Onion parameter: Sometimes we have objects that are difficult to construct because they need other objects that in turn need yet other objects all down the rabbit hole. We can break the dependencies by introducing interfaces instead of actual implementations, that allows us to not continue down the rabbit hole of dependencies.
When we have instantiated our class the next step is to write tests for the methods we need to change. It can lead to the next round of problems. The method might be private, the parameters might be hard to create, the method might have bad side effects, or we might need to sense through objects the method uses.
The method is hidden: A private method is not callable from a test, so we need another way to test it. Maybe we can call it indirectly through a public method on the object. If not we should make it public. If making it public bothers us, the class is most likely doing t0o much, and we should fix that.
But if the method is a utility method that clients should not care about or if calling the method directly could mess with the object, we might not want to make it public. In the first case, we should make it public. It is not such a big issue. In the second case, we can move the method to a new class where it can be public.
We should avoid using reflection to “cheat” the code to allowing us access to calling the private method. It will just delay the bill of technical debt to be payed.
“Helpful” language features: Some classes are impossible to extend because they use the final/sealed keywords from Java/C#. If the class also have a private constructor we are out of luck.
If we are luck there might be a superclass that we can extend instead. It will mean that we need to change the code to use the superclass instead.
We could also create a wrapper around the class, create an interface for it and make a fake and production implementation. Again it requires us to modify the code before we can get it under test.
Undetectable Side Effects: Objects use other objects, in many cases we call a method, the method manipulates other objects and we know nothing about it. But to test properly we need a way to sense what is going on.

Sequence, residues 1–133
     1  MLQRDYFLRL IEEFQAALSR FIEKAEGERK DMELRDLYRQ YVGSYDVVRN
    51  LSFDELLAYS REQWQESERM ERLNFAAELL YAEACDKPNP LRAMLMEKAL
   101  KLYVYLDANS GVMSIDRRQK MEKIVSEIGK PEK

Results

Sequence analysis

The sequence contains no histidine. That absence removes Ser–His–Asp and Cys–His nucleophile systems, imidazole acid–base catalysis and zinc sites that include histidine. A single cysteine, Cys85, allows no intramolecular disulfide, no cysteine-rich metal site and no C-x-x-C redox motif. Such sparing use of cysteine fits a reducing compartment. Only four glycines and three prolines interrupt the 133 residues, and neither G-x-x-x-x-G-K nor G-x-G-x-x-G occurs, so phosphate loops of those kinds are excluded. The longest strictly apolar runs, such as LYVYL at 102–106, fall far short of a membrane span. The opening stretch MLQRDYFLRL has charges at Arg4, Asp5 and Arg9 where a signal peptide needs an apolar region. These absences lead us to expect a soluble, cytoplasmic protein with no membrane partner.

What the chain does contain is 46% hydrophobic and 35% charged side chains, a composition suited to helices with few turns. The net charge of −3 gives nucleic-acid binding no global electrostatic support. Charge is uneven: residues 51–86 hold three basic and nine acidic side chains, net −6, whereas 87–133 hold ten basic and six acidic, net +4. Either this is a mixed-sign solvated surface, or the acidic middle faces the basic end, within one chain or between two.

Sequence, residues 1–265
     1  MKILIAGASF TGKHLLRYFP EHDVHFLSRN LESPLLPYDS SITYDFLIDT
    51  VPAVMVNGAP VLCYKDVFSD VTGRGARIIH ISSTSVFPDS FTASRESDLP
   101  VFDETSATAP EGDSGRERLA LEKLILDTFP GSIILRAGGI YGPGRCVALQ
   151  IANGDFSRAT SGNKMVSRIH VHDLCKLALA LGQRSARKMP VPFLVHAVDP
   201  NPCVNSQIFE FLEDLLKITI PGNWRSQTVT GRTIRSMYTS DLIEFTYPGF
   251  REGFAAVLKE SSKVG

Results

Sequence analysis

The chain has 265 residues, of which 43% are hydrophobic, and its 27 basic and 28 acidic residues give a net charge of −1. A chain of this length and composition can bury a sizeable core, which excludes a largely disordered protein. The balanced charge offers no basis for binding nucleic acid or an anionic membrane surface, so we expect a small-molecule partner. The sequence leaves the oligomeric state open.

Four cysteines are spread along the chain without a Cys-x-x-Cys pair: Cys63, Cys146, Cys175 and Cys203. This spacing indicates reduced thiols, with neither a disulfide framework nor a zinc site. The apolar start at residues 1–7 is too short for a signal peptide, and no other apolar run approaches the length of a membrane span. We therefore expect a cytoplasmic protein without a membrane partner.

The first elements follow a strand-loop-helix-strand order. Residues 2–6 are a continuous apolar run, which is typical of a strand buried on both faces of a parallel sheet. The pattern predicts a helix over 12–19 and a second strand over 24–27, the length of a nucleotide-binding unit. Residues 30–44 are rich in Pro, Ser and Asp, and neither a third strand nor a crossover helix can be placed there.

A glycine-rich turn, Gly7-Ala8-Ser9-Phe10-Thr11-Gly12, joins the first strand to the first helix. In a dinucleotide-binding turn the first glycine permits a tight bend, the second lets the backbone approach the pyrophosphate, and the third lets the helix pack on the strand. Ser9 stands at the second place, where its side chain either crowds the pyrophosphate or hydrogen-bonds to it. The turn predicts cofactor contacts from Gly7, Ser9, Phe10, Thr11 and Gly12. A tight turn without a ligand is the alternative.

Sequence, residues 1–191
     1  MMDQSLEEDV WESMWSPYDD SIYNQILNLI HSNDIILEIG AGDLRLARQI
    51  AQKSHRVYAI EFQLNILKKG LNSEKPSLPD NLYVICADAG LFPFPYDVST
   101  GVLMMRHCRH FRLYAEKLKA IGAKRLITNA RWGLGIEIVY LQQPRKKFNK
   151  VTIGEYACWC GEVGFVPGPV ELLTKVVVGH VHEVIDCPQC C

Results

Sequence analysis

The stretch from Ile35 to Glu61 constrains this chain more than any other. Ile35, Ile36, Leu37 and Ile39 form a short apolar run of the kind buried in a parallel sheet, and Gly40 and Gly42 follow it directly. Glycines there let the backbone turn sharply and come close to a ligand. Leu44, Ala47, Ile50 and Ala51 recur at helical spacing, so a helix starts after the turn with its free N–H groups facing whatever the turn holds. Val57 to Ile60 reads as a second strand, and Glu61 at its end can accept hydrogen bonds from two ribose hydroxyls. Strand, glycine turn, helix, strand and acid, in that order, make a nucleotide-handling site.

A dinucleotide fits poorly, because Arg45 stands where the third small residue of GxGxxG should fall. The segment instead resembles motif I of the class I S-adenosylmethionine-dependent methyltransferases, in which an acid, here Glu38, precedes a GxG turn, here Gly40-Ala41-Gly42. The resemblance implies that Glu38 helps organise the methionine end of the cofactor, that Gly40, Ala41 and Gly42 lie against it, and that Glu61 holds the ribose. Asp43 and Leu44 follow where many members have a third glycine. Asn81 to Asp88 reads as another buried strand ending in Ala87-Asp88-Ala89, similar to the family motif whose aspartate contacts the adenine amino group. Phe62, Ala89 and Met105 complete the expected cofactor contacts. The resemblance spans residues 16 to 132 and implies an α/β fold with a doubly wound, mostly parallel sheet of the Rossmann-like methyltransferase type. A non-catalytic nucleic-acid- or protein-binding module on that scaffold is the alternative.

The example from the chapter is about a GUI where several responsibilities are combined into the same class makes it impossible to sense what is going on. It is split up into multiple classes to allow us to sense the interactions between the classes. Most of the changes to get to this structure can be made with refactoring tools to make the changes safe so we can add tests. So afterward we can add our changes.
Before we make a change we should make sure we have the behavior of the code under test. To do that we write characterization tests to pin down the behavior that is already there.
The difficulty is that a change in one place can affect behavior somewhere else in the code. This chapter covers how to make sure we know about all the places in the code a change can affect.
As part of any change a programmer does, he reasons about the program, that is not new. A way to reason in a structured way is to use effect sketches.
We make a diagram with a bubble for each variable and return value that can change. Then we draw arrows between the bubbles from where it can change. The diagram helps us figure out where to test.
Eventhough the book is more than a decade old there does not seem to be much material on effect sketches. I can see some value of using them to have a more structured way to reason about software effects, but the idea has not caught on it seems.
In this example, what might change after a FileDataStorage object has been created that can affect what GetData() returns.
If the fileSystem variable is changed by the calling code GetData() can be affected. An effect sketch could look like this.
When writing characterization tests we can use the effect sketches in reverse to see where we can add a test. We ask our self, what will change downstream if this method stops working.
We should add tests where it can sense the effects of changing the code.
When we do a change the effect of the change can propagate to the rest of the system in three ways. Return values, modification of reference types passed into the class, or static/global data.
Getting an overview using effect analysis can be difficult in an unknown codebase. As you get more familiar with the code “rules” should pop up. If you see that global variables are never used it counts as a “rule” in the codebase and you can get away with not looking for this type of effect.
Removing small pieces of duplication, the effect sketches usually becomes smaller. It makes more internal dependencies in the class and allows us to make characterization tests on a smaller interface.
When we need to modify a handful of closely related classes to implement a feature, what do we do about test? We chould put each class in a testharness but we could also take a shortcut.